By God, the old man could handle a spade.
Just like his old man.
My grandfather cut more turf in a day
Than any other man on Toner’s bog.
Once I carried him milk in a bottle
Corked sloppily with paper. He straightened up
To drink it, then fell to right away
Nicking and slicing neatly, heaving sods
Over his shoulder, going down and down
For the good turf. Digging.
The cold smell of potato mould, the squelch and slap
Of soggy peat, the curt cuts of an edge
Through living roots awaken in my head.
But I’ve no spade to follow men like them.
Between my finger and my thumb
The squat pen rests.
I’ll dig with it.
Between the opening and the closing of this brief, 31-line poem, the young Heaney goes from idle observer of the world to active participant in his chosen arena of life. In the opening stanza, his pen is poised, ‘resting’ in his hand, “snug as a gun”—a terrific simile suggesting the latent power in the pen the boy has not yet learned to use. By the end of the poem, the pen has transformed into a very different sort of tool—a spade. But unlike the spades used by his father and grandfather to dig in the earth, the pen is a spade that probes the heart and mind, digging into memory, history, and the mystery of identity.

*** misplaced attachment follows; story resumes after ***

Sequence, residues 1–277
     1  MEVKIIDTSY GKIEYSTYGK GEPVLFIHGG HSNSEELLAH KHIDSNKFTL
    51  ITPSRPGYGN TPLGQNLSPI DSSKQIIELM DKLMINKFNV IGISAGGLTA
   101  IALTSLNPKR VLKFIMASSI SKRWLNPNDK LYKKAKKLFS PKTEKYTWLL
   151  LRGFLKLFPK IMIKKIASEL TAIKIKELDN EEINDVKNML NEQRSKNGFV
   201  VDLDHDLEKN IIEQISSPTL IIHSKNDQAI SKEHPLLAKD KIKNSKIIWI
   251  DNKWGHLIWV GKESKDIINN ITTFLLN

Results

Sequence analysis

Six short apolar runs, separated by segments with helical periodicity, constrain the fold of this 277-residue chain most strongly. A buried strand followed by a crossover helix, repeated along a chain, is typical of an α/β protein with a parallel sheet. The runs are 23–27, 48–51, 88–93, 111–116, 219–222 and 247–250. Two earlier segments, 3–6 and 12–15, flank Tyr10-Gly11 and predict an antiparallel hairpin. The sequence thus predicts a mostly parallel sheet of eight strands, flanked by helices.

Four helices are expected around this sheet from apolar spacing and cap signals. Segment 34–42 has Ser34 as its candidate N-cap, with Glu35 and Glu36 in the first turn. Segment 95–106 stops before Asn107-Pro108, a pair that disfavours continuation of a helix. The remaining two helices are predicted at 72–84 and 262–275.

Much of the poem focuses on the past—the work of his forbears, their precision and craftsmanship, “nicking and slicing neatly,” their heroic strength, “heaving sods over their shoulders” like the Gaelic Giants they were to the small boy Seamus. He has long known himself to be different—“I’ve no spade to follow men like them”—but he suddenly discovers essential ways in which they are the same. Their pursuit of excellence, intimacy with the gritty reality of the place they come from, what Jesuit poet G.M. Hopkins describes as the this-ness of life, “The cold smell of potato mould, the squelch and slap / Of soggy peat”—these are their common passions, only Heaney will lay claim to them with words. The young man’s—and the universal—rite of passage is complete. The final lines of the poem launch the passive, past-obsessed boy into his own future as he concludes with this resolve, “The squat pen rests. I’ll dig with it.” And dig he does. Heaney remained faithful to his promise for the next 50 years.